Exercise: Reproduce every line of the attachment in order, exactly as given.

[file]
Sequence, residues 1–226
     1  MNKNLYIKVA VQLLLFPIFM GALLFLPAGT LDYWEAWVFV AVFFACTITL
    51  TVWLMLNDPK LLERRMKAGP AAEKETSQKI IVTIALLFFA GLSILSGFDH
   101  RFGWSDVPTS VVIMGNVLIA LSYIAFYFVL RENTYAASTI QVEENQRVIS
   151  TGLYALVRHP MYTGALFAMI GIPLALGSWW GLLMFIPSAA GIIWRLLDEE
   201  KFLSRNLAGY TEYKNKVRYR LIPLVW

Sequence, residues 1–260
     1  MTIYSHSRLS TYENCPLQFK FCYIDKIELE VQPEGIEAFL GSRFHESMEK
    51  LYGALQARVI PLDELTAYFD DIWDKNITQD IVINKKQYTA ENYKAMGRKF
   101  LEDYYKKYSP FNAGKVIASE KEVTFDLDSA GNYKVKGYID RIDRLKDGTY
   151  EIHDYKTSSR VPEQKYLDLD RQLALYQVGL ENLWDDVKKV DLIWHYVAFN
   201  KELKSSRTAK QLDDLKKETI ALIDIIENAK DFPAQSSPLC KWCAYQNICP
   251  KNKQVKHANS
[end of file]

Sequence, residues 1–226
     1  MNKNLYIKVA VQLLLFPIFM GALLFLPAGT LDYWEAWVFV AVFFACTITL
    51  TVWLMLNDPK LLERRMKAGP AAEKETSQKI IVTIALLFFA GLSILSGFDH
   101  RFGWSDVPTS VVIMGNVLIA LSYIAFYFVL RENTYAASTI QVEENQRVIS
   151  TGLYALVRHP MYTGALFAMI GIPLALGSWW GLLMFIPSAA GIIWRLLDEE
   201  KFLSRNLAGY TEYKNKVRYR LIPLVW

Sequence, residues 1–260
     1  MTIYSHSRLS TYENCPLQFK FCYIDKIELE VQPEGIEAFL GSRFHESMEK
    51  LYGALQARVI PLDELTAYFD DIWDKNITQD IVINKKQYTA ENYKAMGRKF
   101  LEDYYKKYSP FNAGKVIASE KEVTFDLDSA GNYKVKGYID RIDRLKDGTY
   151  EIHDYKTSSR VPEQKYLDLD RQLALYQVGL ENLWDDVKKV DLIWHYVAFN
   201  KELKSSRTAK QLDDLKKETI ALIDIIENAK DFPAQSSPLC KWCAYQNICP
   251  KNKQVKHANS